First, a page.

The college-wide project is an “Effort to change our campus climate by challenging the mater narrative of race and racism through an exploration of the social construction of “whiteness,” CampusReform reports.
An Oregon community college has dedicated an entire month to shaming white people.
Portland Community College has designated April as “Whiteness History Month,” where they will explore how the “construct of whiteness” makes everything in the world horribly, horribly racist.
The college-wide project is an “Effort to change our campus climate by challenging the mater narrative of race and racism through an exploration of the social construction of “whiteness,” CampusReform is reporting.
Whiteness and racism is everywhere, the program states. It is an “ideology based on beliefs, values, behaviors, habits, and attitudes, which result in the unequal distribution of power and privilege based on skin color.”
Not only does the concept of whiteness allow those who are “socially deemed white” to accrue benefits, the page asserts, but those benefits “are accrued at the expense of people of color, namely in how people of color are systemically and prejudicially denied equal access to those material benefits.”
The ideology of whiteness, it continues, dates back to “at least the seventeenth century, [when] ‘white’ appeared as a legal term and social designator determining social and political rights,” a concept that eventually grew to include “thousands” of “special privileges and protections” for white citizens.
For those interested in learning even more about the study of whiteness, PCC provides a link to a portal on the school library’s site listing additional resources.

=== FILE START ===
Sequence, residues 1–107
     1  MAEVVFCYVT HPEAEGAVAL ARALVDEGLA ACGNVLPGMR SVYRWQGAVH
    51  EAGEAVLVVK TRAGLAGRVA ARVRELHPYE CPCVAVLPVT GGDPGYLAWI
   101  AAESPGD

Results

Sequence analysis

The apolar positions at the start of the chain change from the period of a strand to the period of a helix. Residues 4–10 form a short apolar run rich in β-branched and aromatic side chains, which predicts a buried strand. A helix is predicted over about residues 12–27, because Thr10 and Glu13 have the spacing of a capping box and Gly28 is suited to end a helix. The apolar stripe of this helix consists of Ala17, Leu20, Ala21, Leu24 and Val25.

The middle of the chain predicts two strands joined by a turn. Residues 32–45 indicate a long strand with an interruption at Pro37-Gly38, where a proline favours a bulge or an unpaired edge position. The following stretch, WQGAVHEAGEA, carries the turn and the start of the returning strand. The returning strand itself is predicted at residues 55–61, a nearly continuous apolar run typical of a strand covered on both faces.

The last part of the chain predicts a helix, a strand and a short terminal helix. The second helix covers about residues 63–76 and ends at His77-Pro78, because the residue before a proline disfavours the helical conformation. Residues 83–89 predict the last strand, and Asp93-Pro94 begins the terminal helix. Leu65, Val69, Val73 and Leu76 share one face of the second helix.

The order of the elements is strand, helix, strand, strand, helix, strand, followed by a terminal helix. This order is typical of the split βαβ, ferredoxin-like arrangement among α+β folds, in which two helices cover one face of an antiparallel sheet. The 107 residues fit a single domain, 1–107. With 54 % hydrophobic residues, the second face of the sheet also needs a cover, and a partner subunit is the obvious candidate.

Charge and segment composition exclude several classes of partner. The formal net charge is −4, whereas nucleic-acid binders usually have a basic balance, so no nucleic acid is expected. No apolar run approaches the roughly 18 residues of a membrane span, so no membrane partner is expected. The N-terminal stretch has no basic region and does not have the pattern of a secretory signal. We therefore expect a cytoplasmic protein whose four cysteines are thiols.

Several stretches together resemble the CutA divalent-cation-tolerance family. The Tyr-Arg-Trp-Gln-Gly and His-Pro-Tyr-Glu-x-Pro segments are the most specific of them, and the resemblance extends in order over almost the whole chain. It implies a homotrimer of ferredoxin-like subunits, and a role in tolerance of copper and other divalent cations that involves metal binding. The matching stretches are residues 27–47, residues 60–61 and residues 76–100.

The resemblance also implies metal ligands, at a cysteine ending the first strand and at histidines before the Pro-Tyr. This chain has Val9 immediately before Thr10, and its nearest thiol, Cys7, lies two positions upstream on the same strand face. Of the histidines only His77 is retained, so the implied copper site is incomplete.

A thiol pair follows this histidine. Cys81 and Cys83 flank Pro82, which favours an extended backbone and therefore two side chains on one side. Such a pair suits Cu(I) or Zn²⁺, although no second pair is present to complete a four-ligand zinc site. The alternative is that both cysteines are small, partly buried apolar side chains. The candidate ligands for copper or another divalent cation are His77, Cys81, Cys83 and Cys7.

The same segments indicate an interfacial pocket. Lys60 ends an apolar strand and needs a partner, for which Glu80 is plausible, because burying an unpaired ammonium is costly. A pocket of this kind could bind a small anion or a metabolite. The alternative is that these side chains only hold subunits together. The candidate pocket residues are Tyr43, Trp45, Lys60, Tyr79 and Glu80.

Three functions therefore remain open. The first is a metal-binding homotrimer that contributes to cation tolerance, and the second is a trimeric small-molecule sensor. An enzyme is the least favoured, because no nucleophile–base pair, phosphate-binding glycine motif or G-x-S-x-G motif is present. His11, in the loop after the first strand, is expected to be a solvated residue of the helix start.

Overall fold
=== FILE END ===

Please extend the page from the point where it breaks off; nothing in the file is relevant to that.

Planning for the event is still ongoing, with applications being accepted until February 1 from those who wish to “get engaged” by hosting a lecture, guest speaker, panel, film screening, discussion, art exhibit, or class field trip to local art or history museums.
Representatives for PCC had not responded by press time to Campus Reform’s inquiries as to whether professors would be allowed to assign grades for participating in field trips or on-campus events.
While details about the specific programming are not yet available, PCC does outline the objectives that it seeks to accomplish through the project, as well as the concepts it would like students to explore over the course of the month.
In the “Context” category, for instance, the school challenges students to explore the meaning and history of whiteness, specifically how it “[emerged] from a legacy of imperialism, conquest, colonialism, and the American enterprise.”
Following from that, PCC wants students to explore the “legal, cultural, economic, social, environmental, educational, and/or intrapersonal consequences of whiteness,” especially in terms of the winners and losers that result from it.
Finally, the school asks them to consider “alternatives to a culture of white supremacy … approaches and strategies to dismantling whiteness … [and] the roles and responsibilities of white people and people of color in dismantling whiteness.”
Through the event, PCC says it hopes to improve its campus climate and bolster student retention and success, while also helping students to graduate “with local, national, and global sensibilities regarding the learning tasks of Critical Race Theory.”